Track 9: 15’51’:  Promoted to Inspector and posted to Kings cross division working at Islington station.  Reflects on the new role as an Inspector.    Considers working in North London.  Linking with King cross sub-division.  Enjoyment as Inspector.  Dislike of shift work.

Commander asked him to work at Scotland Yard as a Staff Inspector.  Transferred to personnel department. Describes role and duties.  Explains the jobs and training.  Interview techniques, management of staff organization.  1983 New Commissioner set plans to bring the force up to date and he was put on a project team to review the management structure in the MET.  Describes his team and their work and research.  Research in America and private firms of organizational structure and the management of police officers.   Restructuring process.  Divided the MET into 8 areas, rather than 4.  Problem of implementing change.  Reducing the number of Commanders and Chief Superintendents.  Reducing authority numbers.  Concern about trivial issues such as the district football teams, rather than the wider picture.  Explains their ambitions and intentions. 

Promoted as a result to Chief Inspector and received a commendation for the work they had done.  Remained in personnel.  Promoted to Superintendent and moved out of personnel.

Track 10: 3’44’:  Inspector at Islington and working with WPCs.  Role of the WPCS; specific role of looking after female prisoners, predominantly station based and supporting role.  Explains that this changed only in the 1970s.  Considers the attributes of the WPCs.  Describes complaints from PC’s wives who were concerned about their husbands working closely with WPCs.

Track 11: 16’20’:  Superintendent 1987 after 29 years service.  Posted to TO10, prison transport service.  Role was to improve the management of prisoner transportation.  6 months posting.  Returned to personnel and staff inspection with more responsibility for major projects within the force.  Requested to leave the Commissioners office and return to operational duties.  Posted to Kings cross as Chief Superintendent 1989.  In 1990 the Home Office requested he went to Gibraltar to look at the structure of the Gibraltar police on behalf of the commonwealth office.  Explains the background to the work.

Returned to Kings cross.  Describes the projects within the borough and incidents; IRA bomb.  Describes the scene of the explosion.  In 1991 he was approached again and requested to go to Uganda to assess the organizational structures.  Team of Ugandan Superintendents.  Describes the situation in Uganda and his complete review.  Life in Uganda.  Lived in the high commission houses.  Recalls the mud huts for police stations.  Police training school lacked basic facilities.  Lived in a bungalow, which was guarded.  Recalls a neighboring houses guard was shot dead.  Common situation of shootings.  Explains why the MET were offering advise to the Ugandan police force.  Background to the initiative.  Visited and worked in Uganda between 1991-1994, when he was posted to Barkingside.  Considers why he was posted to Barkingside until retirement.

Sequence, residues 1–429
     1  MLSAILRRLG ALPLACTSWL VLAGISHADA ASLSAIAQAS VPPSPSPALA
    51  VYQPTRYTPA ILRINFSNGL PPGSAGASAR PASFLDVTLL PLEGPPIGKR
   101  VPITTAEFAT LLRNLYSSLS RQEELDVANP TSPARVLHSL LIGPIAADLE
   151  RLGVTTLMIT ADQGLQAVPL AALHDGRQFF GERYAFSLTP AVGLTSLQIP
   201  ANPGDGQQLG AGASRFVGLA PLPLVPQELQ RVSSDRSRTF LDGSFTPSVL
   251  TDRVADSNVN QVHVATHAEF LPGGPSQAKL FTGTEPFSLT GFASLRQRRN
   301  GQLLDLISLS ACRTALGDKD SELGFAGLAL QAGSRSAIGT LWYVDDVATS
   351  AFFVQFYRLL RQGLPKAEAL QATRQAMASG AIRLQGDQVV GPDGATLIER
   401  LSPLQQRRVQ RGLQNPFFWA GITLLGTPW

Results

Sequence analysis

Track 12: 1’32’:  Staff Inspector; Inspection job at a Dog unit training centre.  Recalls an incident when he discovered an officer who had been bitten by a dog.

Track 13: 0’14’

Track 14: 4’40’:  Operational life at Kings cross.  Dealing with incidents out of hours.  Decision making role of the Superintendent.  Importance of his decision making authority and guidance to officers.  Detention of prisoners led to an act that required senior officers to make these decisions.

Track 15: 1’19’:  Report about police officer’s heights.  Describes the issue of height restrictions within the police and concern about the recruitment process of ethnic minority.  Wavering the height restrictions.

Track 16: 4’34’: Superintendent at Kings cross.  New police station built in Islington.  Describes various police buildings that were sold and redeveloped.  Caledonian Road police station.  Books written about the history of police stations.  Loss of history during the closing of the police stations.  Impact on police officers when a police station was closed.  Loss of historical records and artifacts.  An old lamp that was preserved and taken to the new station.  Desire to preserve details and the history of the police stations.

Track 17: 4’34:’ Pursued higher qualifications in 1981.  Post-graduate diploma.  Explains that it was important for his career path and his desire to pursue the course.  Working in staff inspection.  Master’s degree on organizational structures.  Utilized his police experiences.  Decision to pursue teaching after retirement.  Importance of thinking about and planning post-MET working careers.  Became a Senior Lecturer at East London University.

Track 18: 0’47’: Interest in history and 3 year part-time course in genealogy.

Track 19: 0’26’:  MET funded the degrees.

Track 20: 9’20’:  Retirement and becoming a Senior lecturer.  Teaching middle management business studies.  Supervising dissertations, lecturing at various places.  Created a master’s program.  Created an international courses in the Far East.  Reflects that he learnt to use the computer and understand new technology.  Considers that in the MET he was never required to learn to use a computer.  Adjustments to new career at the University where there was no longer a hierarchy.  Human resource issues.  Continued at the University until he was 65, when he retired.  Reflects on the skills he brought to the university job from his police force working experience.  Utilizing examples of his police work and research for his university teaching.  Explains why he left.

Track 21: 8’15’:  Reflects on the current restructuring plans of the MET force.  Decentralization.  Changes and constant plans for new structures.  Describes changes in structures during his career and current restructuring.  Introduction of computers and new technology into old police stations.  Lack of resources and budget cuts.  New technology and policing facilities.  Keeping police stations open 24 hours. 

Address